If anything, one has to give Defiance, Ohio credit for originality. Despite the frequent comparisons they receive to current label-mates This Bike Is a Pipe Bomb or previous label-mates Ghost Mice, Defiance, Ohio have crafted their own distinct sound within the impressive American folk-punk movement.
The Indiana six-piece have been fairly prolific since they released a demo a mere three years ago. The Great Depression is their second full-length, but they've done a number of splits and have posted a great deal of material (including demos, live sets, full-length, and splits) for free download to fans.
When the band jumped ship from Plan-it-X Records to -- gas -- No Idea Records, some dumpster-divers screamed "sell out," but for the most part, the move made sense. No Idea is the current home of Plan-it-X vets This Bike Is a Pipe Bomb and was home to Against Me! for a number of years. Working with No Idea allowed the band access to better production and distribution as well as maintaining some sense of ideological compatibility.
So how does this album compare with 2004's Share What Ya' Got? If they received a handbag of cash to put towards recording costs, the money might have gotten lost along the way. Sure, the album sounds cleaner than previous efforts, but not so much that the term "over-produced" could even approach it. Sometimes the less-than-stellar production can be great, especially when they leave the more classy instruments such as the violin and cello with a less-polished sound than those instruments are traditionally provided. However, sometimes the drumming and vocals fade into the background a little too much, leaving it more apparent that the majority of the songs on the album seem to have been based around the violin and cello, rather than using them as backup. Without the violin and cello, songs like "Enough" would fall apart almost completely. Color me traditionalist, but I prefer my punk songs to be guitar-based.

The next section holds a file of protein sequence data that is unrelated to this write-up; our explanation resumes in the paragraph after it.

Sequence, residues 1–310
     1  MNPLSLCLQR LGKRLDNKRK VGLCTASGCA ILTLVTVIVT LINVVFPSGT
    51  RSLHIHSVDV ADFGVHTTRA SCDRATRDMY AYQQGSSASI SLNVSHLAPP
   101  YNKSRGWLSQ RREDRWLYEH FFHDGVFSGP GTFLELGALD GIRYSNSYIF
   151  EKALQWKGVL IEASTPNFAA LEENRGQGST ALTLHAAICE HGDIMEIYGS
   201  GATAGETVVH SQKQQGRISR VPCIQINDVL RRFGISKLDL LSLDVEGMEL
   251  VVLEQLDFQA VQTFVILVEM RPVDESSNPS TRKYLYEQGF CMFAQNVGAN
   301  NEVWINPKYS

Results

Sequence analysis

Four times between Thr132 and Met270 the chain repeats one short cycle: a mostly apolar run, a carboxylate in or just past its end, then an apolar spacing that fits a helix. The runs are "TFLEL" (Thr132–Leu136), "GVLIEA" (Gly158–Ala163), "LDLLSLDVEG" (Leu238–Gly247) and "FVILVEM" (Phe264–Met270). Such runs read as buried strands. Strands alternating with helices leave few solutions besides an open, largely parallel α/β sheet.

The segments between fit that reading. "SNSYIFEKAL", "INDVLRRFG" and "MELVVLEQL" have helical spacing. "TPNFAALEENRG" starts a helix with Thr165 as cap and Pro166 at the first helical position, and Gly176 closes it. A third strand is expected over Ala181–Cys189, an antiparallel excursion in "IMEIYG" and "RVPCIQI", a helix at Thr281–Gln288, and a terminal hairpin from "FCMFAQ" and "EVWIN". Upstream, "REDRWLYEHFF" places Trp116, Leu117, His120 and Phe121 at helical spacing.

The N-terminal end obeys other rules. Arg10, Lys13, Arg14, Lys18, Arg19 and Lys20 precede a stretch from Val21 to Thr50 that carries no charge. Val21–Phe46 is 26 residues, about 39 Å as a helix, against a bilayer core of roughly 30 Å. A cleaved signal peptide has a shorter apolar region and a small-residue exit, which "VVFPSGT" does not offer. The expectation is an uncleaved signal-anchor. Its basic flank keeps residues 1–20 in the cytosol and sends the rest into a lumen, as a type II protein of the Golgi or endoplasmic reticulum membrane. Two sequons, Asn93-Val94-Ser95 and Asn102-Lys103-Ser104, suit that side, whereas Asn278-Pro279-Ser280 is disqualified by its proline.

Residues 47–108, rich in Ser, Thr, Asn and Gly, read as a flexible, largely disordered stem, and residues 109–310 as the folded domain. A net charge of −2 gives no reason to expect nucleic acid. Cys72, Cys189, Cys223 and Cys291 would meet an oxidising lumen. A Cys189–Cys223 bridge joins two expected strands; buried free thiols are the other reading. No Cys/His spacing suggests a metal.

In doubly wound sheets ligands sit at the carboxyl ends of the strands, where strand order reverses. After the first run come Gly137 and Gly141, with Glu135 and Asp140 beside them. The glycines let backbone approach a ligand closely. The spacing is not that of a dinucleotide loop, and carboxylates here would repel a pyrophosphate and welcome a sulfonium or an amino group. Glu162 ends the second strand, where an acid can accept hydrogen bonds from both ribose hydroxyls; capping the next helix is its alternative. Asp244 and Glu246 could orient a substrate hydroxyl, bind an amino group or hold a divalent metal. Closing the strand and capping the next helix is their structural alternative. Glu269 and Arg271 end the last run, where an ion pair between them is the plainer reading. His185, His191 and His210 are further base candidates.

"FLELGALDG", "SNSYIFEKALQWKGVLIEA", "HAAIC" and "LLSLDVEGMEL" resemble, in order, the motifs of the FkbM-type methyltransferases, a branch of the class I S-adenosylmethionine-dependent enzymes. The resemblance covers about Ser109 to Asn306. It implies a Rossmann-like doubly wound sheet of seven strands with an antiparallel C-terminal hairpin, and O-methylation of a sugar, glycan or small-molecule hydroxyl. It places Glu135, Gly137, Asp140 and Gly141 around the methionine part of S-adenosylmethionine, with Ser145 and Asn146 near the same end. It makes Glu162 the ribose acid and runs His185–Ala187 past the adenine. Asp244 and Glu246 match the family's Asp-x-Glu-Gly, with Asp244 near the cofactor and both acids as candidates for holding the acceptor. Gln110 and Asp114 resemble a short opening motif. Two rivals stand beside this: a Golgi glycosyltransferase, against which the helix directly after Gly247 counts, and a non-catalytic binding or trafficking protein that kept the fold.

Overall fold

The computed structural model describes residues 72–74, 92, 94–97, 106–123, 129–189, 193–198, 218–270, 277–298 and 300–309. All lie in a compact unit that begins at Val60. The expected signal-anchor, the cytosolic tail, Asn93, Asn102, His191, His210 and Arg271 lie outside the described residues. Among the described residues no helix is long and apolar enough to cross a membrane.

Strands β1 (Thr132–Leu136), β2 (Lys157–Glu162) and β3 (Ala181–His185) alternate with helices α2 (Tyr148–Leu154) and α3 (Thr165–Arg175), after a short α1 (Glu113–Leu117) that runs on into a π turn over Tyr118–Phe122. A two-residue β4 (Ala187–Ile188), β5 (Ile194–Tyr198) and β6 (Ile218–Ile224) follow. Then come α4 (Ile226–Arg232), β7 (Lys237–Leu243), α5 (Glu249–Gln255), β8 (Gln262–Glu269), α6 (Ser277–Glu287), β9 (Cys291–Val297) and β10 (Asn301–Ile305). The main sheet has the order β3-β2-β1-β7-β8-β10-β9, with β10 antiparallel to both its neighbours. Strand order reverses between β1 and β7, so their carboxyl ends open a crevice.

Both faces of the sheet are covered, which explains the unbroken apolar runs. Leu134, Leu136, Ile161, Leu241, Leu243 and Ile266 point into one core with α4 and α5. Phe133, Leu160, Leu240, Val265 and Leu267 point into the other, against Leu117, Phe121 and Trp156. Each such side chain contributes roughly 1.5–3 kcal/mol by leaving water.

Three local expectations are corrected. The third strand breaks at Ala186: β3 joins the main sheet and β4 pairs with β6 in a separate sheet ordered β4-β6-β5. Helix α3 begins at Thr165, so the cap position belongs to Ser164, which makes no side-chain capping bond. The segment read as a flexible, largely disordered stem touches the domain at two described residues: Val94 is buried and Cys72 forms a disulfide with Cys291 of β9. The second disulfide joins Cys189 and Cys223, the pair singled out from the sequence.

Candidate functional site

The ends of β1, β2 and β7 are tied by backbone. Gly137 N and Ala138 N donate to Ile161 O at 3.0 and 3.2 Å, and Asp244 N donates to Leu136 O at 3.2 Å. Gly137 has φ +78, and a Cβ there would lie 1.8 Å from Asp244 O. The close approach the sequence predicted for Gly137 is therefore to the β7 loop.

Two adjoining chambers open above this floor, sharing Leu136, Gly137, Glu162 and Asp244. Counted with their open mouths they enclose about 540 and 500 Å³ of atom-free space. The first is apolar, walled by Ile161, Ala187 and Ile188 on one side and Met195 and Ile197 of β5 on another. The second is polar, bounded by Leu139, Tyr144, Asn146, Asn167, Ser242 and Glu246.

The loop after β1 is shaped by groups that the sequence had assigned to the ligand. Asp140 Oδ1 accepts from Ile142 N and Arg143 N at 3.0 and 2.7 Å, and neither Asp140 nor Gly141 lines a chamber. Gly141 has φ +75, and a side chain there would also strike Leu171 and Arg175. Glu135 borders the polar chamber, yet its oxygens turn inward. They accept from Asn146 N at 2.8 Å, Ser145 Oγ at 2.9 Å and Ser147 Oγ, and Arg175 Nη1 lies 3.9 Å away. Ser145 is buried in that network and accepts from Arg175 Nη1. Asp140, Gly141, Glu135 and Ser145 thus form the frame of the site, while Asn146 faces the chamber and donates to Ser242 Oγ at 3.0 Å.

The album's strongest area is the spirit it carries. Defiance, Ohio are champions of promoting the values needed to live a positive life -- being honest and critical of yourself and your motives. They seem to shout again and again that hey, you can live a better life -- we can lead better lives. They don't spend too much time crafting rally cries against "the system," instead, urging the listener to think about their political criticisms and apply them to their own lives, such as on "Enough:"
So with one hand in a fist, please keep one hand in the airThe spirit of the band also shines when it becomes evident that they really like making music. The Great Depression sounds like it was recorded as an impromptu reaction to boredom on a Friday night. With every member sharing vocal duties and contributing to the songwriting, Defiance, Ohio bring a great deal of variety into what could have been moments of boredom for the listener.
questioning 'what does all this have to do with me?'
Stop making something! Start making sense! (Can we stop making something until we start making sense?)
You can download the album for free from the band, but at only $6.00 on LP/CD from No Idea, it's a shame not to get the real deal.